Wednesday, January 6, 2021

What I Learned From Writing 'A Return to Spring' or 'How to Turn Your Town Inside-Out

 Today, Lit Reactor posted my first-ever column for the site (until this point I had mainly done author interviews). It was a trip being invited to talk about my own book on there for once, and I'm grateful for the opportunity.

What I Learned By Writing A Return to Spring

My Top Ten Books of 2020!

 A little late to post here, but I figured it could use some further posterity.


Monday, November 30, 2020



    Save the date and join us on Tuesday, December 15th at 6pm (PST) as we usher in the release of my new Palm Springs/Spring Break Riot-Noir novelette "A Return To Spring" (Mannison Press). This free live online event is brought to you by our local Space Cowboy Books and will be mediated by Jean-Paul Garnier. To attend, register at the link below:

Friday, November 13, 2020

My Palm Springs/Spring Break noir-novelette "A Return To Spring" out now on Mannison Press.

     I'm gracious to have something physical to show for myself at the tail end of our very un-physical 2020. My new crime-fiction novelette, "A Return To Spring" is out November 18th on Florida's Mannison Press (they also published my short story "Wrathchild's Atrophy" in their "Little Boy Lost" anthology earlier this year). It might seem out of season to release a Spring Break themed book in winter, but our tomorrows seem less and less guaranteed the way things have been going in 2020, so here we are, no regrets.

    The story is a speculative stab at the Palm Springs Spring Break riots of 1986, an event that permanently changed the city as we knew it, especially in terms of tourism and demographic. In the 80s it was THE place for Spring Breakers to panther, party, and eventually cause trouble; though you only heard vague stories like a game of telephone until three years ago, when footage of the 1986 riots finally surfaced here. I'm not one to clutch my pearls, but I was terrified when I saw that footage. It left such a deep imprint on me that I spent the rest of that week calling up people like Sean Wheeler and other desert rats to ask what it was like to witness it in person. It seemed akin to an Altamont-scenario for Palm Springs, where it ushered the end of an era: from the annual season of young hyper-hetro men invading downtown to go wildin', causing the Venn diagram of masculinity to eclipse into the notoriously civilized gay community it is now. After the riots, mayor Sonny Bono ordered police to start ticketing/arresting any kids that would do so much as to step off a curb into the street, making any semblance of Spring Break unsustainable from then on.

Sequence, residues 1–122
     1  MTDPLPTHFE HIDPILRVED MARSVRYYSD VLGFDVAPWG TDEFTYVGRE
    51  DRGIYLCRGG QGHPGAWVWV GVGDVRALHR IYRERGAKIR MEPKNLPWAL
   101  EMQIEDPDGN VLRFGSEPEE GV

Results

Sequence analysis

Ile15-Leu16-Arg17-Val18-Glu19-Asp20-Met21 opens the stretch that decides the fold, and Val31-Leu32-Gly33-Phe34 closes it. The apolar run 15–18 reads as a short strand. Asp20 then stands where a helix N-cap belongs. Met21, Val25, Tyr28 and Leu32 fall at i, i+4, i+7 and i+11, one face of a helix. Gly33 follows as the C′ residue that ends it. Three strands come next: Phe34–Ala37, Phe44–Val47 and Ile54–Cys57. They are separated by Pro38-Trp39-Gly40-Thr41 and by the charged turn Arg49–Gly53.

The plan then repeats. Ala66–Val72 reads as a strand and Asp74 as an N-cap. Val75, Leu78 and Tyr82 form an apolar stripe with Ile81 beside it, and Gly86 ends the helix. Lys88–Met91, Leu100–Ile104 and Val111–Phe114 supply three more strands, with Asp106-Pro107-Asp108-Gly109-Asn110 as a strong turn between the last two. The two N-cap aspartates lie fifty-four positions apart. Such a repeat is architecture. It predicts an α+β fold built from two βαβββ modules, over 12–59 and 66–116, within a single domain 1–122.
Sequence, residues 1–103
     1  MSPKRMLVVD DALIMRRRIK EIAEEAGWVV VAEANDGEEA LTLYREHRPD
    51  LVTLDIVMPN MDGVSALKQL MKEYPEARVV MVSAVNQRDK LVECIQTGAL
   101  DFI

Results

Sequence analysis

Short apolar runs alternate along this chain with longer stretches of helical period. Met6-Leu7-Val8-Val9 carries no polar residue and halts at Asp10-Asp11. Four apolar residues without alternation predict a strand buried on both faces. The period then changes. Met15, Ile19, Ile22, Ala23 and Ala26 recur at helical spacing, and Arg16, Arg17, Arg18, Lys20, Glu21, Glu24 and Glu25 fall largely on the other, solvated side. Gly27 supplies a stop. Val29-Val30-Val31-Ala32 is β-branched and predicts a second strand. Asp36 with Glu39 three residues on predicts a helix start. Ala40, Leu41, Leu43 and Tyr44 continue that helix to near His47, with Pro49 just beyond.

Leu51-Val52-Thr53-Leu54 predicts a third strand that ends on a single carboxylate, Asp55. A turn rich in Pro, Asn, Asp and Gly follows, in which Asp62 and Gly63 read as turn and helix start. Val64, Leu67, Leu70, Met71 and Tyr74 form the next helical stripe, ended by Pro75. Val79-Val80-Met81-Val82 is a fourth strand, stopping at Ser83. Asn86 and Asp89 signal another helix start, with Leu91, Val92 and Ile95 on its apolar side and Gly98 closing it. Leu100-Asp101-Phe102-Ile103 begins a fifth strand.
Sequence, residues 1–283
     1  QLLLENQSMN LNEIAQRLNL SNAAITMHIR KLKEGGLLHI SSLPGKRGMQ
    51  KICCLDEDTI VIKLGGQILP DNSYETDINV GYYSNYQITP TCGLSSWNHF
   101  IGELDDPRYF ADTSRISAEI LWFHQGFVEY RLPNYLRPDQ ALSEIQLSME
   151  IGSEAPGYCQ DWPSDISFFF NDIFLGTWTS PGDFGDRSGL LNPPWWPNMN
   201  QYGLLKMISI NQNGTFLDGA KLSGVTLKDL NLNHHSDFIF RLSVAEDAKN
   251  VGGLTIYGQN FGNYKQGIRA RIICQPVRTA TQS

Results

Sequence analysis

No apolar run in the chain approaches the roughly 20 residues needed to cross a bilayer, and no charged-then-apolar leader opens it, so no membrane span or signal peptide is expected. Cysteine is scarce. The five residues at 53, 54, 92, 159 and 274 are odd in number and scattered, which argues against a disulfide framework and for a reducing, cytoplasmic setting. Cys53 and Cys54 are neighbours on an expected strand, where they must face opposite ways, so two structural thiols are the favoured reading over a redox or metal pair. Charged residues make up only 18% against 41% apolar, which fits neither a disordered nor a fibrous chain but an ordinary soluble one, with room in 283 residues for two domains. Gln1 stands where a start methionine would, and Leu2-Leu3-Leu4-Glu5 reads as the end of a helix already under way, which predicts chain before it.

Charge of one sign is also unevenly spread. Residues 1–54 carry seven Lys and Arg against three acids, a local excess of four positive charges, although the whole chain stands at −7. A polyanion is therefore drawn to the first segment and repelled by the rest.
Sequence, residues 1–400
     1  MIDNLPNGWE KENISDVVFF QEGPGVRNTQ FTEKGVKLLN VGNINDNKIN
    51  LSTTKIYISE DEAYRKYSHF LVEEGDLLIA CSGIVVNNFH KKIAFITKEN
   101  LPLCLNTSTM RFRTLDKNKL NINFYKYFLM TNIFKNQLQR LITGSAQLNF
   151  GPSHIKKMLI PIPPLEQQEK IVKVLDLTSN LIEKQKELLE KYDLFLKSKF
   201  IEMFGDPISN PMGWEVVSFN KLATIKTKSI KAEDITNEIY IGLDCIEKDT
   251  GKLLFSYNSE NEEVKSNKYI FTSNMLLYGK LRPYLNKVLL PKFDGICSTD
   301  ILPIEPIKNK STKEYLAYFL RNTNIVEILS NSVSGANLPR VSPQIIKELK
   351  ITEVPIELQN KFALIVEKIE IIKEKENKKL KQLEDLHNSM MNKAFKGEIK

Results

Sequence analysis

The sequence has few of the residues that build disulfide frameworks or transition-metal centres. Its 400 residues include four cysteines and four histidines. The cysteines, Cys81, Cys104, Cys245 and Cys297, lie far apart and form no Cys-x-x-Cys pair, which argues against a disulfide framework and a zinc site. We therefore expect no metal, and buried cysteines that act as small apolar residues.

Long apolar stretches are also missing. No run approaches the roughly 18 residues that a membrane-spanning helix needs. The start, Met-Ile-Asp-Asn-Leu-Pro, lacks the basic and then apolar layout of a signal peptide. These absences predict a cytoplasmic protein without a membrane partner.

For me, seeing the footage also brought back the bedlam of Woodstock '90, where the rapes during (an no doubt inspired by) Limp Bizkit's set further cemented my hatred for nu-metal and the industry that would gleefully promote this new soundtrack of celebrated ignorance, but that's a whole other story of pop-culture triggering.

    So with this footage of Palm's Spring's low point burned into my head, I was asked to submit a story for a Palm Springs Noir anthology, though the deadline was not on my side for what I really wanted to do with it. But I wrote the story anyway, now with more time to stretch out in, to speculate what else could have happened in that melee, given the disparate cultures of the Coachella Valley like the Morongo Band of Mission Indians, and how they might have reacted to the white-bred chaos. Luckily, "A Return To Spring" ends up standing on its own little spine as part of Mannison Press "Mini-Books" series. For a crime-fiction book, this format is sort of, uh, cute as fuck - fun-sized to fit in the ass-pocket of your jeans like some cool vintage pulp contraband (just don't sit on it, man!).

    Enormous gratitude to Mannison Press for being so solid to work with.

    I've got a stack of signed paperbacks I'll let go for $8 apiece. PayPal or Venmo me at gabriel-hart-40 and don't forget your address.